The Death of the Centre of Mass Theorem.

So I take it you accept that the concept of the radian as a unit of length is a completely imaginary construction.

krab
Rogue Physicist said:
(2) Naturally, the CM for the other half will be the same distance away from the geometric centre of the sphere in the opposite direction away from the test-particle. The total force will be the vector addition of the two halves. But by inspection this is impossible. The increase in force for one half the mass now located closer cannot balance the decrease for the other half, because while the distances are equal, the forces have changed by an unequal amount. Gravity is an inverse exponential force.
Hurkyl gave a poor example with the pencil thing. In the context here, namely quantities and formulas, "exponential" is unambiguously incorrect. It's as bad as saying that a constant speed requires a constant force. A notion that was common knowledge before Newton. But the fact that it was common usage did not make it correct. "Exponential" means that is you increment the independent variable, the effect grows by a constant factor. Hence, without deaths, populations grow exponentially; under constant interest, your savings grow exponentially; etc. Gravity neither grows nor diminishes in this fashion.

Tom Mattson
Staff Emeritus
Gold Member
Rogue Physicist said:
I don't know why you are having trouble with the fact that the radian is defined as a length in physical space describing a distance along an arc or circle's perimeter.
He's not having trouble with the idea of radians. You are. A radian is not a distance. And if you think it is, then please tell us how long a radian is.

You yourself were forced to use the word length to describe it.
Good grief. Just because I have to use the word "distance" to define average speed as the total distance traveled divided by the total elapsed time, it doesn't imply that a speed is a distance.

How you expect to disprove any theorem without having the basics down, I'll never know.

James Jackson said:
So I take it you accept that the concept of the radian as a unit of length is a completely imaginary construction.
This is the only reply worth responding to.
Of course radian is essentially a measurement of angle.
It is formally defined by the length along a unit circle in Euclidean space which is proportionate to the angle of concern. In the days of post-Euclidean geometry, the fact that the metric is involved is even more important, and I have no hesitation using radians as the unit of measurement for lengths in problems which are essentially tied to proportions of a circle's relative size. It may have been extreme to actually call the distances 'radians' rather than 'units of radius' or 'radii'.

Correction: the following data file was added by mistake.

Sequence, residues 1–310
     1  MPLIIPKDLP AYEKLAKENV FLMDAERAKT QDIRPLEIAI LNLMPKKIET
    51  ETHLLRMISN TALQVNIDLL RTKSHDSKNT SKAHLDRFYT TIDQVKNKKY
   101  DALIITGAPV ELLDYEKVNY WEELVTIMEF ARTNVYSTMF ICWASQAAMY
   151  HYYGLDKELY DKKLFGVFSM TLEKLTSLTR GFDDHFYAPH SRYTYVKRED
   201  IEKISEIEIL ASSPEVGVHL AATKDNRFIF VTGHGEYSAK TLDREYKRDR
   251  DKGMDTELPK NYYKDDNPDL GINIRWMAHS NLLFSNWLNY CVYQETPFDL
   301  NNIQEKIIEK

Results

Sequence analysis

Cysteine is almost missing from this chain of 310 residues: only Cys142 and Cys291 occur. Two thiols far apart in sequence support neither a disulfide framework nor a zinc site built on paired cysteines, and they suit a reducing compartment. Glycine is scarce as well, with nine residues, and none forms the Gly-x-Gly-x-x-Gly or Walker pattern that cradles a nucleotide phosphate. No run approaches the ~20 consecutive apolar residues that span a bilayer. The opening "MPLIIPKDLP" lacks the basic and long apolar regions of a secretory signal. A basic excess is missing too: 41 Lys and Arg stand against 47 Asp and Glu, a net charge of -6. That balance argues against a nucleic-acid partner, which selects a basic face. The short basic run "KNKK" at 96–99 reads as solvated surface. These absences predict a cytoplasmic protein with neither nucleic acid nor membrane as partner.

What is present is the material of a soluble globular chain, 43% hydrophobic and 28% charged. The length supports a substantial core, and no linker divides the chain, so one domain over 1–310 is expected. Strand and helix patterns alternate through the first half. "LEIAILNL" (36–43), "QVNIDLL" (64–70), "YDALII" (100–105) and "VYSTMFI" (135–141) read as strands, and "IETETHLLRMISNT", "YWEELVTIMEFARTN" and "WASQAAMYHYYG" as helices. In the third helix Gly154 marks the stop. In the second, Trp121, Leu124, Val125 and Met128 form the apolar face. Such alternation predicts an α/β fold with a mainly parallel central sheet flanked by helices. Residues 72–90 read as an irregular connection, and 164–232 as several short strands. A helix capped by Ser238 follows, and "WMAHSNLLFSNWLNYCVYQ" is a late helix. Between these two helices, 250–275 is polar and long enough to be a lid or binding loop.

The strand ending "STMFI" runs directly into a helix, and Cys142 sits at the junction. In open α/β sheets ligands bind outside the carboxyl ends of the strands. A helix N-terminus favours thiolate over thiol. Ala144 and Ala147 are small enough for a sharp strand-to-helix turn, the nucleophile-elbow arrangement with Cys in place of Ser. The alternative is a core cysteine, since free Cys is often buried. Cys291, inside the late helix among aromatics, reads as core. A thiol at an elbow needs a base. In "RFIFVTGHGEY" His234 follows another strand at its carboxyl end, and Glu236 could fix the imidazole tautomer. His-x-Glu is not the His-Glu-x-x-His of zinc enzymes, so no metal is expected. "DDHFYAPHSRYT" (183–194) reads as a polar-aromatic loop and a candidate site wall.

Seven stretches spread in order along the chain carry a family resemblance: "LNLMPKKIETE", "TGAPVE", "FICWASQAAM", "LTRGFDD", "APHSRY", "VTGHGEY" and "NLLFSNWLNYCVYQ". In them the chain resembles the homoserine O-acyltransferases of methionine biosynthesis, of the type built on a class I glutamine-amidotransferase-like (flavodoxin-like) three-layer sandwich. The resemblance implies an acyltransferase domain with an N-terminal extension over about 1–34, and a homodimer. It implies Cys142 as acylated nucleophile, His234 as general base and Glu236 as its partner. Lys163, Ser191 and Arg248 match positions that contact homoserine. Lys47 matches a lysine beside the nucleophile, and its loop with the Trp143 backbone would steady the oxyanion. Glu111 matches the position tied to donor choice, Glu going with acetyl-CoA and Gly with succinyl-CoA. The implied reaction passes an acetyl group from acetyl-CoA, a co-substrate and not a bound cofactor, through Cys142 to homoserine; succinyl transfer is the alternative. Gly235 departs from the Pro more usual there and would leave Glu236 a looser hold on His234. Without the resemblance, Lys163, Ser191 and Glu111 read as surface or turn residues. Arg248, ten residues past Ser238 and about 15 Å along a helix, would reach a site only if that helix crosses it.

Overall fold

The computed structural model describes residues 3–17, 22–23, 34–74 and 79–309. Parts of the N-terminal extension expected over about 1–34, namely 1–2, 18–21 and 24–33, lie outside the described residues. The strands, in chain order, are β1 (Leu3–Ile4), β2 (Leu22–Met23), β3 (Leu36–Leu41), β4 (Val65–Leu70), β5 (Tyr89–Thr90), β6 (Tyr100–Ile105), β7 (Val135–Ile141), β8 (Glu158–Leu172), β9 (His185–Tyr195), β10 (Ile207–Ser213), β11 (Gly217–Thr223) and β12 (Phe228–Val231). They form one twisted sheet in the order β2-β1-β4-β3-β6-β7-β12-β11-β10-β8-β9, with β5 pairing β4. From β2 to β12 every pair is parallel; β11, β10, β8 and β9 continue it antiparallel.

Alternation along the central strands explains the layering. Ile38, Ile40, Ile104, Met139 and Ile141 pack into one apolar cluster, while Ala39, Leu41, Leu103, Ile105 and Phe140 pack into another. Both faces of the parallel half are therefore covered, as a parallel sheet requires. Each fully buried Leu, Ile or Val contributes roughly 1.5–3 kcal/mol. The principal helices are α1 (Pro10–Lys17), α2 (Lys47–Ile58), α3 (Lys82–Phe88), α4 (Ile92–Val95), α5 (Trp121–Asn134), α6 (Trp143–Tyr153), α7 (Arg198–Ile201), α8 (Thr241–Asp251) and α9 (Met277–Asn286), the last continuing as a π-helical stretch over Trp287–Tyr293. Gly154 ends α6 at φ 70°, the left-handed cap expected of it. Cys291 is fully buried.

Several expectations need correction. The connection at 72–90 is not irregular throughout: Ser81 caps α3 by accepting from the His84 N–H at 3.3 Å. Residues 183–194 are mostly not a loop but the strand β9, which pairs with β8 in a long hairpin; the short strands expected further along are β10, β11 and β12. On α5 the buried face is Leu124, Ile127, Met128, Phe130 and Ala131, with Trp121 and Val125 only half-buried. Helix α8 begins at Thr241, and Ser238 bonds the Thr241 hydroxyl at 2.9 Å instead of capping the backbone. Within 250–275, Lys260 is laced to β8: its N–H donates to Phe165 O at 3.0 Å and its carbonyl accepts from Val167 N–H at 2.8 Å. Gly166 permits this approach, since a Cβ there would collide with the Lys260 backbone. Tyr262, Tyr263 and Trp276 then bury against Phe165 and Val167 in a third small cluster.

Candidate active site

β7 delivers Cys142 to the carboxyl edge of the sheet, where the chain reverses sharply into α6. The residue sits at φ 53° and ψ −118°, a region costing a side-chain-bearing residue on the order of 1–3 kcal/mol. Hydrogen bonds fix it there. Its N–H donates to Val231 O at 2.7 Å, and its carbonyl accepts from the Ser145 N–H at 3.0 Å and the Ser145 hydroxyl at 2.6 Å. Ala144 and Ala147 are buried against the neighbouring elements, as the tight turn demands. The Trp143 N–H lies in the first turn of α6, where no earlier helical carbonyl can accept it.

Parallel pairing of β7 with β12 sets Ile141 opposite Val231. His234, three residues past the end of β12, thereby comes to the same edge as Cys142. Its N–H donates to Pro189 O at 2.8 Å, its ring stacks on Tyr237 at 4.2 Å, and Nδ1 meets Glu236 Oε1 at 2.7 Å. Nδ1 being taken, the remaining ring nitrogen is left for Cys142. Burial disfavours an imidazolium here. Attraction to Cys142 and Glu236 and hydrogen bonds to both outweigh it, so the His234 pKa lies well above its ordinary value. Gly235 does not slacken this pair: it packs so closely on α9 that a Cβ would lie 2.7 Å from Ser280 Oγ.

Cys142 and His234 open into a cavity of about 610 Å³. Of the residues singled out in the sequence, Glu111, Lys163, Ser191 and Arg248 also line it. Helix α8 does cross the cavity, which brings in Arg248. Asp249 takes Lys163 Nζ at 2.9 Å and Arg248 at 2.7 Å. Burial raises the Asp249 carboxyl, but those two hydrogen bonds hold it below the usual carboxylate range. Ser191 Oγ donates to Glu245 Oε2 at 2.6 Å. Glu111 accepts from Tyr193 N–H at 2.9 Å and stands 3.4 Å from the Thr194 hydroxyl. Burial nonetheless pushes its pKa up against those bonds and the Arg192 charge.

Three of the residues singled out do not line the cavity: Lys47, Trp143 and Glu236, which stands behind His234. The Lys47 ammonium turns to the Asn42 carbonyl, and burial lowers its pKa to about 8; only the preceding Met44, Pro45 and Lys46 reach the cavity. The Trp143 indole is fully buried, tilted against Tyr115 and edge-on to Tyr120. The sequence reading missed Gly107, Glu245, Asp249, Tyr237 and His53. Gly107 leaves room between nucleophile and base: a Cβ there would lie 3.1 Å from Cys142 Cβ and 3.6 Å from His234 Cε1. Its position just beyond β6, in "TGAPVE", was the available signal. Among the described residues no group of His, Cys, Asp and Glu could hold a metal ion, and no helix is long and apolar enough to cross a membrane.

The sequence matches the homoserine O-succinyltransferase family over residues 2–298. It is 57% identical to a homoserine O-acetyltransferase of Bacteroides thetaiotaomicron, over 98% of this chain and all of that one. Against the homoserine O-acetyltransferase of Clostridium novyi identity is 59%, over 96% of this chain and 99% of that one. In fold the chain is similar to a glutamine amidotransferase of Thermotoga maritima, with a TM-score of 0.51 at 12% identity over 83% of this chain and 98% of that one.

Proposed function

If we are done nitpicking, we could move on to admitting that it is not trivial that the two main methods (Centre of Mass and Sphere Theorem) of generalization and simplification of gravitational calculations in Newtonian gravitational theory are inaccurate except when d >> r for discrete mass distributions.

In many cases, when the shape of a rigid body, its density distribution and its orientation is known, you can use calculus to find the contribution to the gravitational field of a given massive body. This is very limiting.

When you move to non-rigid bodies (systems of particles), you will I hope agree that the Conservation of Momentum (which is claimed to be even more fundamental than Newton's gravity theory) requires one to again rely upon the axioms and hidden assumptions of the Centre of Mass 'Concept' as defined for general systems of particles. In this case the requirement of 'rigidity' is not required or even assumed.

And this is why all this is important and where the facts lead: The Centre of Mass concept is necessary for the Conservation of Momentum, but in Newtonian Mechanics, the Conservation of Momentum is a circular and poorly defined concept based upon misguided and sloppy descriptions.

The Classical definition and description of the Conservation of Momentum is wrong because it is based upon the misunderstanding and misuse of vectors and their mis-application in Euclidean space.

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Doc Al
Mentor
What nonsense!